Characterization and regulation of neurokinin1, receptors in primary cultures of rat neonatal spinal neurons

Virginia S Seybold, L. G. Abrahams

Research output: Contribution to journalLetterpeer-review

12 Scopus citations


Neurokinin1 receptors are the primary target of substance P released from neurons during neural transmission, yet little is known regarding the regulation of neurokinin1 receptors on neurons.125I-Bolton-Hunter-substance P was used in the present studies to determine whether primary cultures of rat neonatal spinal cord express neurokinin1 receptors and, therefore, can be used as a model to regulation of neuronal neurokinin receptors.125I-Bolton-Hunter-substance P bound to a single site in neuron-enriched cultures with an affinity of 256 nM, which is comparable to its high affinity binding on adult rat spinal cord. Treatment of neuron-enriched cultures with 10 nM substance P resulted in a 47% decrease in125I-Bolton-Hunter-substance P binding at 24h which was due to a decrease in affinity of the receptor. However, at 48 h after treatment with substance P,125I-Bolton-Hunter-substance P binding increased by 44%. The increase in binding was due to a two-fold increase in receptor density. These changes occurred in the presence of 0.5 μ M tetrodotoxin, decreasing the likelihood that the changes in binding were secondary to the release of transmitters by substance P. Furthermore, substance P1-7, a metabolite of substance P that hm putative physiological effects, did not alter125I-Bolton-Hunter-substance P binding. These data provide evidence that neuronal neurokinin1 receptors are under homologous regulation in primary cultures of neonatai rat spinal cord and suggest that a similar mechanism occurs in vivo. Furthermore, the data suggest that a decrease in affinity of the neurokinin1 receptor may contribute, in part, to tachyphylaxis to substance P.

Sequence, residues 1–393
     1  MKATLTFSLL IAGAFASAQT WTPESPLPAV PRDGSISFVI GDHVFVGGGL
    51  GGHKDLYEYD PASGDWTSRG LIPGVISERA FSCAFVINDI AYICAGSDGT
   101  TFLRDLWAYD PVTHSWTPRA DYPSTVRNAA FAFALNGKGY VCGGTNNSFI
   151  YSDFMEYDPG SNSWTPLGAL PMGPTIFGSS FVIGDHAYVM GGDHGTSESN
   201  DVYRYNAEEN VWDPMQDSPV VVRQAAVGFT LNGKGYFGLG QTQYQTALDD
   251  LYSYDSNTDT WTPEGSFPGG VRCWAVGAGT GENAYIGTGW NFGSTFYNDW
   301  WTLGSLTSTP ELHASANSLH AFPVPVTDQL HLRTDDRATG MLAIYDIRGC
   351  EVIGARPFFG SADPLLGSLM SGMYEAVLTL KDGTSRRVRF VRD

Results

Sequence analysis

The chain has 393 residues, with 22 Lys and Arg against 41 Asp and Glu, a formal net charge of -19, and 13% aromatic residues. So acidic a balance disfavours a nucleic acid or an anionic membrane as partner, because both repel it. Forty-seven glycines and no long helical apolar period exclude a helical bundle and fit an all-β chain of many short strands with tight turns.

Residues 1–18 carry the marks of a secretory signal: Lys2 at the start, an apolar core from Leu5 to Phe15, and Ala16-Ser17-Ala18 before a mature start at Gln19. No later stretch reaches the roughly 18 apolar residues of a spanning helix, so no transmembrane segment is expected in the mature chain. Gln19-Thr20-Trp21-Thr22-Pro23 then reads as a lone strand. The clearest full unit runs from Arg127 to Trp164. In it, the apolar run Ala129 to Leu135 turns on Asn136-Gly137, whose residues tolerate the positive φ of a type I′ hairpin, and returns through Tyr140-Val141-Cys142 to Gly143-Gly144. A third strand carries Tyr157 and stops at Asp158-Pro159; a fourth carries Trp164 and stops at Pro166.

Original languageEnglish (US)
Pages (from-to)1263-1273
Number of pages11
Issue number4
StatePublished - Dec 1995

Bibliographical note

Funding Information:
Acknowledgements-These studies were funded by a grant (NS 17702) from the National Institute of Neurological Disorders and Stroke of the National Institutes of Health. The authors are also grateful to Dr Esam El-Fakahany, Ann Parsons and Cheryl Stucky for their thoughtful discussions of these data.


  • spinal cord
  • substance P
  • substance P


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